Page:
cramping may occur after one to two hours of exercise. Cramping
may be induced in as little as 10 minutes after high intensity
exercise targeting a specific muscle group.
The most commonly proposed causes of exercise associated muscle
- Decreases in body mass, blood and plasma volume
- Abnormal serum electrolyte concentrations
- Decrease concentrations of sodium, potassium, magnesium,
chloride, and/or calcium
- As a result of sweating or over consumption of water during
- Environmental stress
- Exercising in heat which may result in electrolyte imbalances
Dehydration and electrolyte loss are not the
sole causes of EAMC because many individuals can experience cramping
when they are hydrated and supplemented with electrolytes.
A more recent theory suggests that EAMC is related to sustained
neural activity that results in fatigue. This idea is supported
by athletes who are more likely to experience cramps toward the
end of an event. A distinction has been made between EAMC that
result from fatigue and that resulting from heat (in which electrolyte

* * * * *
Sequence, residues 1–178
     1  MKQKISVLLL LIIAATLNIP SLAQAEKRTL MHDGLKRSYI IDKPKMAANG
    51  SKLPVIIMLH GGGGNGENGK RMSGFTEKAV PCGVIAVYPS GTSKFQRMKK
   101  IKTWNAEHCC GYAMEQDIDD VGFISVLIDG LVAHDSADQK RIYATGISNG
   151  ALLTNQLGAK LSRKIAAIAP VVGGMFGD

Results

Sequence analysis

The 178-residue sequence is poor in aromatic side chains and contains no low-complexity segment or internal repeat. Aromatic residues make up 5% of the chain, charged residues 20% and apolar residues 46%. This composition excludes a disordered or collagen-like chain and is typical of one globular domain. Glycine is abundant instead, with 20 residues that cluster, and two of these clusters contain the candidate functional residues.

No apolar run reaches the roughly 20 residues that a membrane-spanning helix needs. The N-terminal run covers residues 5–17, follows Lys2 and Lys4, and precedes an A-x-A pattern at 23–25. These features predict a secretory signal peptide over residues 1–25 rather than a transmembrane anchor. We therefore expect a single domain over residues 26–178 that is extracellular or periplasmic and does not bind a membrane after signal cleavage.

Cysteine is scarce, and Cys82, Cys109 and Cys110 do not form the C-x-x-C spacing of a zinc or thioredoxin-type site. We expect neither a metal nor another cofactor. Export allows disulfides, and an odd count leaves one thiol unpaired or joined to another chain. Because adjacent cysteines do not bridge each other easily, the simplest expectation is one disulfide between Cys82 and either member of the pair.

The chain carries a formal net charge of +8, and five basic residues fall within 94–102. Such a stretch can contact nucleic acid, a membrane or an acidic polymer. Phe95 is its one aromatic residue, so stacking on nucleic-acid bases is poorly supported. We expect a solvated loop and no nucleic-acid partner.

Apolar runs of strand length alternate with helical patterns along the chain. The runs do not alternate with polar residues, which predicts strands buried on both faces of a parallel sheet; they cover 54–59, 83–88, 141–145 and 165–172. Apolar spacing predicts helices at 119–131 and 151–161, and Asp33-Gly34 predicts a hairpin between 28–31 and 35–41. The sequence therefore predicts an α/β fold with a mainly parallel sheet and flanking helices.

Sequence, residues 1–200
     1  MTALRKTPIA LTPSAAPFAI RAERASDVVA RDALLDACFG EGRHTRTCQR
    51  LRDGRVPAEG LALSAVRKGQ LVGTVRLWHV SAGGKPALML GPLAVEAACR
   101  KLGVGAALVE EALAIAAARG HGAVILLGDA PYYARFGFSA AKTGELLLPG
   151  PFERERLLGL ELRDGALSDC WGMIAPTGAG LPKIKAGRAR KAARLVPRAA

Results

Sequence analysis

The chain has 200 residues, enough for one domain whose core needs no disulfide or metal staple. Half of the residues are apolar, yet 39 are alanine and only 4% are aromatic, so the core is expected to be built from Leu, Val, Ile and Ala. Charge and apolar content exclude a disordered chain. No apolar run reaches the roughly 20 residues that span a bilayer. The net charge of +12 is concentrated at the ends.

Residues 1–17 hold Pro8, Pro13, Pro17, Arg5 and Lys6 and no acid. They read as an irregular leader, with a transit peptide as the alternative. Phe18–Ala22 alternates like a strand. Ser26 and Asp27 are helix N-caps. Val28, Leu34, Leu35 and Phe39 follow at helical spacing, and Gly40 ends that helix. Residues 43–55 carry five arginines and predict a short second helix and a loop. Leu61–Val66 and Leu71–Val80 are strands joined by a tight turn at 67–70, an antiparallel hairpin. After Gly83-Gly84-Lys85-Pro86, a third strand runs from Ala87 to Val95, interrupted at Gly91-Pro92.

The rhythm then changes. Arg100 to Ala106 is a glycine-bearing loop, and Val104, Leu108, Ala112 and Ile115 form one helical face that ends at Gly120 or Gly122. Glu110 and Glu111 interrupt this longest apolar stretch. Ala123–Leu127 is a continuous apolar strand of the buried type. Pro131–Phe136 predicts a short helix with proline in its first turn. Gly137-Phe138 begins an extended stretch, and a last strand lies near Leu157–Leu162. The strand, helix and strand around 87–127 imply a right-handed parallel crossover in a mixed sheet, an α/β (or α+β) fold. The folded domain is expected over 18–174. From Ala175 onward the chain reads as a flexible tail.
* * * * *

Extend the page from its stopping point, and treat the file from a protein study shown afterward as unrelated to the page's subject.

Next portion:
and fluid losses result in a contraction of extracellular fluid
In one study, participants who experienced cramps had a higher
average sweat rate than those that did not experience cramps.
Subjects who experienced EAMC who consumed a carbohydrate - electrolyte
beverage were able to exercise 150% longer before the onset of
Other common treatments include:
- Salt tablets
- Pickle juice and mustard (anecdotal remedies)
- Saline solution use reported as early as 1898
Jung AP, Bishop PA, Al-Nawwas A, Dale RB (2005). Influence
of Hydration and Electrolyte Supplementation on Incidence and
Time to Onset of Exercise-Associated Muscle Cramps. Journal of
Athletic Training. 40(2): 71-75.